Animal Behaviour – The Tiger

Tigers (Panthera Tigris) in the Wild

 
The tiger, native to eastern and southern Asia, is the largest of the four big predatory cats. (BBC) Their habitat range from open grassland savannah to tropical and evergreen forests, rocky county and mangrove swamps. They like to have several hiding places or dens where they can go and rest or get out of the heat of the sun. They are generally a solitary animal that demand a substantial area to support their own individual predatory instincts. (BBC) They are timid and secretive creatures. (All About Tigers)

 
Tigers choose their territory by the amount of prey that is available so this can vary for males from a highly populated prey area of about 5 to 150km2 and between 800 and 1200km2 where concentration of prey is much lower but only between 20 to 30 km2 for females. The male tiger is intolerant of other males and their territory usually overlaps that of several females while the females share their patches with each. This allows one female to suckle their young while the other goes out to hunt. (Seaworld)

 
They declare their territory by spraying urine or pheromone secretions from special scent glands mark or by leaving their dung in areas as a way to communicate information to other members of the same species; cubs follow their mother’s footsteps by smelling the individual scent that their scent glands secreted from in between the tiger’s toes leaves behind. Another reason for scenting is to ward off any potential predatory or invading animal that may happen to wonder into their space and to alert males when females are in season. (BBC)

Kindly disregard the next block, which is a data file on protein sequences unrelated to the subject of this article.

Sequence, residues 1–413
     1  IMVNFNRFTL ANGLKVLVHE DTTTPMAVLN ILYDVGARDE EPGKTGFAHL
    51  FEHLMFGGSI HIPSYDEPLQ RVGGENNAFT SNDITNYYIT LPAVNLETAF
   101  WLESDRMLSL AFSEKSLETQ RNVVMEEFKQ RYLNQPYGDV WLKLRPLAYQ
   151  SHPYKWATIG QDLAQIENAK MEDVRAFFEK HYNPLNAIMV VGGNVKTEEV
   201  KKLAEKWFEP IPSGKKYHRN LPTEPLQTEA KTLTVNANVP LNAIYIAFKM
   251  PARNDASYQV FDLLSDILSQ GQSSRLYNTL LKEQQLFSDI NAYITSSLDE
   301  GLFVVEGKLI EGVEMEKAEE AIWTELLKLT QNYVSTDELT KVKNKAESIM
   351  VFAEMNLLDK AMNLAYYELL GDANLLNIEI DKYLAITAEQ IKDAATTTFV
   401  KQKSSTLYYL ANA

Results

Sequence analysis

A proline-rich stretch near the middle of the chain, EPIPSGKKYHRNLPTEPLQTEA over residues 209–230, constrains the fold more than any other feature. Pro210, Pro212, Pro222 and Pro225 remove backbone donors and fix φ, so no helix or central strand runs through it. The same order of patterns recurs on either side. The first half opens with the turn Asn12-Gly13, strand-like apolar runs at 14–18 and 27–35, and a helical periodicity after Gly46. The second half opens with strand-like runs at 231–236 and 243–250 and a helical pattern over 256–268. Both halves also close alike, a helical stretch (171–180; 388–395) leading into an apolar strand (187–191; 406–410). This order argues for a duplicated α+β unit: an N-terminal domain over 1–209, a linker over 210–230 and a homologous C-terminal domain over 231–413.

They also enhance their olfactory senses by clawing at trees (see picture below). (Seaworld)

 
Heavily muscled with powerful forequarters, tigers are able to bring down prey much larger than themselves and can jump up to 6 meters in length. When stalking its prey the tiger crawls slowly towards it prey with its belly close to the ground, its stripy coat help to camouflage it against the grassy landscape, making them almost impossible to detect in dappled light (see picture below). (BBC)

 
They hunt alone, ambushing their prey from the side or rear, rushing it at the last moment to knock it to the ground where they can bite the throat and snap the head back in order to sever the spinal cord or press onto the windpipe thus causing the animal to suffocate (see picture below). (BBC)

 
The dead prey is then dragged off to a safe place where the tiger consumes around 30kg of meat, leaving the rest covered under grass or debris, to be eaten over several days. As the hunt expends a huge amount of energy, failing to kill at least 90% attempts, the rest of their time is spent either relaxing or sleeping. They have excellent night vision and hearing also so therefore prefers primarily to hunt after dark, picking off the young and hopefully avoiding being injured by larger prey that could potentially cause them injury, leaving them to starve to death. (BBC)

 
A male shows his aggression by rapidly swinging their tails from side to side. When relaxed their tails hang down loosely. Fighting amongst males is normally avoided but when they do, it is normally to claim a female for themselves, the victor will then go on to produce strong cubs. Mating can happen all year round whenever the female is on heat. The male calls to the female and the face takes on the flehman expression where the mouth opens and the lips curl, the nose wrinkles and the tongue sticks out. The mating ritual can be quite brutal with mock charges and heavy swipes with the forepaws (see picture below). Once mating is done, the male retreats back to his own territory before the female has a chance to turn on him. (BBC)

 
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